PCOS Pregnancy And Delivery Complications Do Not Overlook

Women with PCOS are at higher risk for pregnancy and delivery complications. These include a three-fold increase in miscarriage risk in early pregnancy compared to women without PCOS,

WHAT CARE DO YOU NEED DURING PREGNANCY with pcos?

Blood glucose. While pregnant, you will probably need to check your blood sugar more often than before pregnancy. Check your blood sugar as often as your doctor recommends. You should probably test it before meals, one or two hours after a meal, at bedtime, and during the night.Ask your doctor what your blood glucose numbers should be. Most pregnant women with diabetes should aim for these blood sugar levels as long as they do not cause low blood sugar:

PCOS Pregnancy And Delivery Complications Do Not Overlook

Before meals (fasting blood glucose)
One hour after the start of a meal: 140 mg/dL or less Two hours after the start of a meal: 120 mg/dL or less Insulin. If you were already using an insulin pump before pregnancy, you should keep using it. You probably should not start using an insulin pump for the first time during pregnancy. But if other types of insulin treatment do not control your blood sugar, your doctor may want you to switch to an insulin pump.Medical nutrition therapy. You should see a dietitian for nutrition therapy. This healthy eating plan, tailored to you, helps make sure you get the nutrients you need and gain the right amount of weight, while controlling your blood sugar. The dietitian may suggest you limit the amount of carbohydrates, or “carbs” (for instance, potatoes, bread, and fruit), that you eat. It is a good idea to eat three small meals and two to four snacks a day. Your dietitian also will advise how often to eat and how many calories to eat a day.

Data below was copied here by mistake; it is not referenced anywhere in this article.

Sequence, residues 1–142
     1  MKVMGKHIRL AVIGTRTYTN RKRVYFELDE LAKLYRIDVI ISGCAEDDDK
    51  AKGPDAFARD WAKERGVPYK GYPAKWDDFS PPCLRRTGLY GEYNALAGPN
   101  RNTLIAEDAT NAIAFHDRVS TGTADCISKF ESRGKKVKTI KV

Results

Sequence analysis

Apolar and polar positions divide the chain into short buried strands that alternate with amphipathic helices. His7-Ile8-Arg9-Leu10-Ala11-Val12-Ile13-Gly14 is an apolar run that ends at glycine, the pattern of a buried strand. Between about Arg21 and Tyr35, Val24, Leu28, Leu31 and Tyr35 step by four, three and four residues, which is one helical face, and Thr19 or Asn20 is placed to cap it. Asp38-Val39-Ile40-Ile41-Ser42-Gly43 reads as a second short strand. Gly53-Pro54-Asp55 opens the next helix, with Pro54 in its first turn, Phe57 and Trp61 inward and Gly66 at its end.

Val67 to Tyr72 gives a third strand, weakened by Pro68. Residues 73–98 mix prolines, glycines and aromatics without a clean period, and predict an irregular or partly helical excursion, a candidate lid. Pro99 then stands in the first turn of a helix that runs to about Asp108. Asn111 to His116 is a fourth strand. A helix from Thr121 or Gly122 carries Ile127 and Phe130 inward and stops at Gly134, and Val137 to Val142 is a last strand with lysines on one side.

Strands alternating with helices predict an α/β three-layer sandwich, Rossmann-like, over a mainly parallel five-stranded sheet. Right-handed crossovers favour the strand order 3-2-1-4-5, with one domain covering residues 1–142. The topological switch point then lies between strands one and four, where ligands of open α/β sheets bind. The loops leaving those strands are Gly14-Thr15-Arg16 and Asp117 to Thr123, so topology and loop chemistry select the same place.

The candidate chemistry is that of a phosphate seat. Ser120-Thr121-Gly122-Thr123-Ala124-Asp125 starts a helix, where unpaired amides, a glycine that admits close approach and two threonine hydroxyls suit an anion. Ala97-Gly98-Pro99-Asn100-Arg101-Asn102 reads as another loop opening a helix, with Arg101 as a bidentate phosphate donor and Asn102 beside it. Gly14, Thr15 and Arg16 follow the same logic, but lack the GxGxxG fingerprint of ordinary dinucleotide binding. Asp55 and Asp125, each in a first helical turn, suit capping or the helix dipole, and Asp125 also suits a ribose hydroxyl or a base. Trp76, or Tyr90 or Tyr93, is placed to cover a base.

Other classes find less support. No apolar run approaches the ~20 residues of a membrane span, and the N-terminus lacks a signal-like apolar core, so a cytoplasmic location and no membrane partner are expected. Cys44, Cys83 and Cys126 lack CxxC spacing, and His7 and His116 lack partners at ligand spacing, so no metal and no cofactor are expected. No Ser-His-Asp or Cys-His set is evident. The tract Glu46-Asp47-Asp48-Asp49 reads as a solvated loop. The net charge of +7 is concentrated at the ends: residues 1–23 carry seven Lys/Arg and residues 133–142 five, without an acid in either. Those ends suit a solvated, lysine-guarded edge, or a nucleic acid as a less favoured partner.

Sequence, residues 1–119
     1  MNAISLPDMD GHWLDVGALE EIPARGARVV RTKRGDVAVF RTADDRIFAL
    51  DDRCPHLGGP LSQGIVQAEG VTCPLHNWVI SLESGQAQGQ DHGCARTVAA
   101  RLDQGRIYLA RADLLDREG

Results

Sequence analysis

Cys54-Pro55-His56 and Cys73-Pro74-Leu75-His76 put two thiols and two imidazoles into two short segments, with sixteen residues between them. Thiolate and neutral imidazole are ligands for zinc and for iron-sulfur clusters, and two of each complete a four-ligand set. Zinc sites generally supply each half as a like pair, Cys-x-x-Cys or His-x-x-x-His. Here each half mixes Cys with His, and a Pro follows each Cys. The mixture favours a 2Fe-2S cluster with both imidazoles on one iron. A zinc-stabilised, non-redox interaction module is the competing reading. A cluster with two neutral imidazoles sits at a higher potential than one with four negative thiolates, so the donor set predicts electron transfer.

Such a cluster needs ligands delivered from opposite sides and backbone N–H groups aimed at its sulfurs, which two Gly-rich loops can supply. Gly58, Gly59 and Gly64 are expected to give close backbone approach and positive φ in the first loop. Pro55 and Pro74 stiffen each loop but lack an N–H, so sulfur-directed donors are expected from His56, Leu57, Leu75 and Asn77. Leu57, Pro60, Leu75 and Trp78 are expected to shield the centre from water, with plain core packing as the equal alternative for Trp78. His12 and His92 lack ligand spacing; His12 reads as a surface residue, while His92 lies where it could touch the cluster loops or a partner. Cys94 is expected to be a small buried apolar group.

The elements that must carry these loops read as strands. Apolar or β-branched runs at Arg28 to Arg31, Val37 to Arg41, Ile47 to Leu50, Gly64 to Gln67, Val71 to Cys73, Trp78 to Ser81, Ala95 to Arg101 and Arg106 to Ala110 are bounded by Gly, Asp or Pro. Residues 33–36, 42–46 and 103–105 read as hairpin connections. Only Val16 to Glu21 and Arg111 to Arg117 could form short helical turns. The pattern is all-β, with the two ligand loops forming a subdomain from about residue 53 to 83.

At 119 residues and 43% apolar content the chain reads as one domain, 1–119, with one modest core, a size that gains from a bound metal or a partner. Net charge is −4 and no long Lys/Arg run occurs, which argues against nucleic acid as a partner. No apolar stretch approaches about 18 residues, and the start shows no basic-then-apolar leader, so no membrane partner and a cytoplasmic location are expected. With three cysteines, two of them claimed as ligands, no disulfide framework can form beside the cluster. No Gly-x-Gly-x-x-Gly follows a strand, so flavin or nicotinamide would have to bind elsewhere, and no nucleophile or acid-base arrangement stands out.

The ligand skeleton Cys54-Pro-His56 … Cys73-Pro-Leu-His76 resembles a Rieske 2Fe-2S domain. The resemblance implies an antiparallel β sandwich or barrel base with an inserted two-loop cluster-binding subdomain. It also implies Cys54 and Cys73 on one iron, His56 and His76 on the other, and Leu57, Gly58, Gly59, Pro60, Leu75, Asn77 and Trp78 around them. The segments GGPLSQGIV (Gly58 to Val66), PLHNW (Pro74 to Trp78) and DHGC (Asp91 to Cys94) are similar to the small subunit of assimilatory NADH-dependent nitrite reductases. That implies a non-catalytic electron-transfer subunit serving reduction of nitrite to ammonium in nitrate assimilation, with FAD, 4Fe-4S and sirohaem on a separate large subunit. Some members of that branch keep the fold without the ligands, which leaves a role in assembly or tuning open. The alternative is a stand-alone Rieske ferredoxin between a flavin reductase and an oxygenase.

WHAT CAN YOU DO TO HELP HAVE A HEALTHY BABY?

You can help ensure your baby’s health and your own health. Work with your obstetrician and your diabetes specialist to get proper medical care before, during, and after pregnancy. Take your diabetes medicine as prescribed and keep your blood sugar in control. Follow the healthy eating plan that you made with your health care team. Also, be physically active. Ask your doctor what type of activity is best for you.

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